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Late blight strikes local tomato crop

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By Christopher Brooke, Reporter

Tomato plants with a fungal disease that's ravaging gardens this year need to be disposed of properly, lest they damage next year's crop, Virginia Cooperative Extension agents warn.

Gardens in the Twin Counties and throughout the East have experienced a "tremendous loss" of garden tomatoes due to late blight, said Extension agent Kevin Spurlin.

"Unfortunately, the disease is quite devastating with complete crop losses common," he said. "There are measures that home gardeners need to take soon to limit the infection potential next year."

If the disease strikes a garden, it can strike fast, said Extension agent Wythe Morris.

He worked with a gardener from Wythe County who grew 47 varieties of heirloom tomatoes. They went from making good progress to a rapid decline.

"It looked like somebody went over them with a blowtorch," Morris said.

Spurlin visited a garden in Galax that had 20 tomato plants loaded with fruit that were killed by the disease.

The disease had struck most gardens in the area. "Tomatoes are going to be a losing proposition this year."

The disease causes severe leaf wilting and stem lesions on tomato and potato plants, according to information from Extension. It also causes large and rapidly rotting lesions on the tomato and potatoes themselves.

Some preventative measures can control the fungus, Spurlin said. "It's not hard to kill if you know ahead of time. We don't see it that often so we weren't prepared."

The wet and mild weather conditions have resulted in the vigorous spread of the disease. Morris said the first reports of late blight came from the New York and Pennsylvania areas and it's continued its destruction down the Atlantic coast.

Reports indicated that some infected plants had made it to big box stores in the Northeast, he said.

"A wet, cool spring followed by an unusually mild summer and then recent humid conditions of cool nights and warm days have provided ideal conditions for late blight," the Extension information states.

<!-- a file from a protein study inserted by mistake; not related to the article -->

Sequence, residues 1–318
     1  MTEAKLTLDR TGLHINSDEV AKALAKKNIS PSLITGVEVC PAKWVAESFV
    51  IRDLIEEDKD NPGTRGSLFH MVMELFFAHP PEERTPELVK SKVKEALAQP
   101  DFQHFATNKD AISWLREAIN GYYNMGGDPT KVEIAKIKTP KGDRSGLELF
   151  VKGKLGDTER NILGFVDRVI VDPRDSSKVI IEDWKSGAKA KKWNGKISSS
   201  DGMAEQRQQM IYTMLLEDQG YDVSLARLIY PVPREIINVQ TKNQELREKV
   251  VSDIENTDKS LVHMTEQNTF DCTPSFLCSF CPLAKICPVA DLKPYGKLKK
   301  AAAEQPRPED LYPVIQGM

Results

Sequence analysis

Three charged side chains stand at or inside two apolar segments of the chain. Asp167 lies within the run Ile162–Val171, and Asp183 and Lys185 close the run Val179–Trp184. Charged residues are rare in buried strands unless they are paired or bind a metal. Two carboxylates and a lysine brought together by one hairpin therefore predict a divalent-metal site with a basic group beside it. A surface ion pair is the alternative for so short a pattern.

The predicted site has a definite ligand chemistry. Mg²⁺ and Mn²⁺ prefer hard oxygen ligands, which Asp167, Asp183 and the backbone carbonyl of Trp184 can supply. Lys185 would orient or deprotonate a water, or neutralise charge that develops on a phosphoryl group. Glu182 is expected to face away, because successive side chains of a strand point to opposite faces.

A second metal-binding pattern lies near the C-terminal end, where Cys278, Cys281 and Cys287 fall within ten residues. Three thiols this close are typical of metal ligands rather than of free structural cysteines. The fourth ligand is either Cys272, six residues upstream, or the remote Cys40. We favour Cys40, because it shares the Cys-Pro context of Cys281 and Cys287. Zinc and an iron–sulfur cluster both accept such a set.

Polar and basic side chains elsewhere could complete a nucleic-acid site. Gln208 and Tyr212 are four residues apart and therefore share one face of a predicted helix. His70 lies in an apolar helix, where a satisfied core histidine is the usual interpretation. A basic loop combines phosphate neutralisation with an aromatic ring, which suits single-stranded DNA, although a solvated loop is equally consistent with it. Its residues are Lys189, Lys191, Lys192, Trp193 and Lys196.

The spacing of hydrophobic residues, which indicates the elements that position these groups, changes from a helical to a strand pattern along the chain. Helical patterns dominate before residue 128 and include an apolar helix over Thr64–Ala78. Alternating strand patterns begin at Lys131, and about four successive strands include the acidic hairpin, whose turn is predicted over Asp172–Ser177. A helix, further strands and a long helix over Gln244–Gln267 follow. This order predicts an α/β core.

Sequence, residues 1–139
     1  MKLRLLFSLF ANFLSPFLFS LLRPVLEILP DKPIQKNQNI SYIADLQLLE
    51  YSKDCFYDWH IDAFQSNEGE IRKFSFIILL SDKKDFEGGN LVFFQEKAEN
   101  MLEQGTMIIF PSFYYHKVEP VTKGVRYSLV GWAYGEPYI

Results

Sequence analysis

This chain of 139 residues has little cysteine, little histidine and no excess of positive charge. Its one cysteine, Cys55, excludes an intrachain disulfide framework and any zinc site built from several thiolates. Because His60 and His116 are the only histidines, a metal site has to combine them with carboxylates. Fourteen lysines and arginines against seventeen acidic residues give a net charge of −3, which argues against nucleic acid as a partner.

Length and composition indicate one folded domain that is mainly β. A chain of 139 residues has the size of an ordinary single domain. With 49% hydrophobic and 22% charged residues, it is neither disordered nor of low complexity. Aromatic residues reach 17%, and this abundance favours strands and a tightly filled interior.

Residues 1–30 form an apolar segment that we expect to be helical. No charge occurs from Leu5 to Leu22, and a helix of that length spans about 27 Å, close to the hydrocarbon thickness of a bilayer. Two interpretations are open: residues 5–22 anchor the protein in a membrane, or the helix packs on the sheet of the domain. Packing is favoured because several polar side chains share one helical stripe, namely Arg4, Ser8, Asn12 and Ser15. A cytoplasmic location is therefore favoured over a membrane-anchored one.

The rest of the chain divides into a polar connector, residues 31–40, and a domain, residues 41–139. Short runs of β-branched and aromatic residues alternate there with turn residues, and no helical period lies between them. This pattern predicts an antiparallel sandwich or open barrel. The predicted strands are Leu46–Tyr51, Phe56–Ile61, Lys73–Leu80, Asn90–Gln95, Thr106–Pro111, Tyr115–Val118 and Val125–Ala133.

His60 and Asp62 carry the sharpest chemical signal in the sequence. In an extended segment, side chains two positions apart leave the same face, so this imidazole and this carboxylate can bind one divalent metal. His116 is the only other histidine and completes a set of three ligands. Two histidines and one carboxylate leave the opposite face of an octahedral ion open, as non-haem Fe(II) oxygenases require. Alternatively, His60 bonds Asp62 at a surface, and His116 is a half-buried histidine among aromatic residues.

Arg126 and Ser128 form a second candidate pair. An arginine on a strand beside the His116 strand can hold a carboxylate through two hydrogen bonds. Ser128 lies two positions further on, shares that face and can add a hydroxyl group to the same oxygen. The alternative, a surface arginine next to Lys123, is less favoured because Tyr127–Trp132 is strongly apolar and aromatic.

Though problems have been widespread for home gardens, Morris said commercial growers have not been affected.

"Most of your commercial growers have adopted a preventative spray type program," he said.

Because of how rapidly it causes damage, by the time a gardener finds late blight on plants, it's already too late.

Extension agents say that gardeners who spot the blight should take precautions from incubating the disease to keep it from rearing up among next year's plantings.

Damaged plant material can harbor the fungus and needs to be removed from the garden.

"You can throw this material in the trash, put it on a brush pile to burn or bury it two feet underground," Extension states. "Fortunately, late blight will not overwinter in the soil alone. It must be in living tissue such as old, infected tomatoes or potatoes."

Be wary of volunteer plants, the agency's warning says. Do not put the diseased material in a compost pile or the virus may persist until next season.

"If you are careful to eliminate this year's diseased plants, and weather conditions next summer are hotter and drier, the likelihood of a repeat will be less."

Chlorothalonil, which can be found in most garden centers, can be used as a preventative spray, Extension officials say.

The disease outbreak has some gardeners thinking about planting a few tomatoes with some resistance next year, along with their heirlooms, Morris said. "You need to have a back-up plan."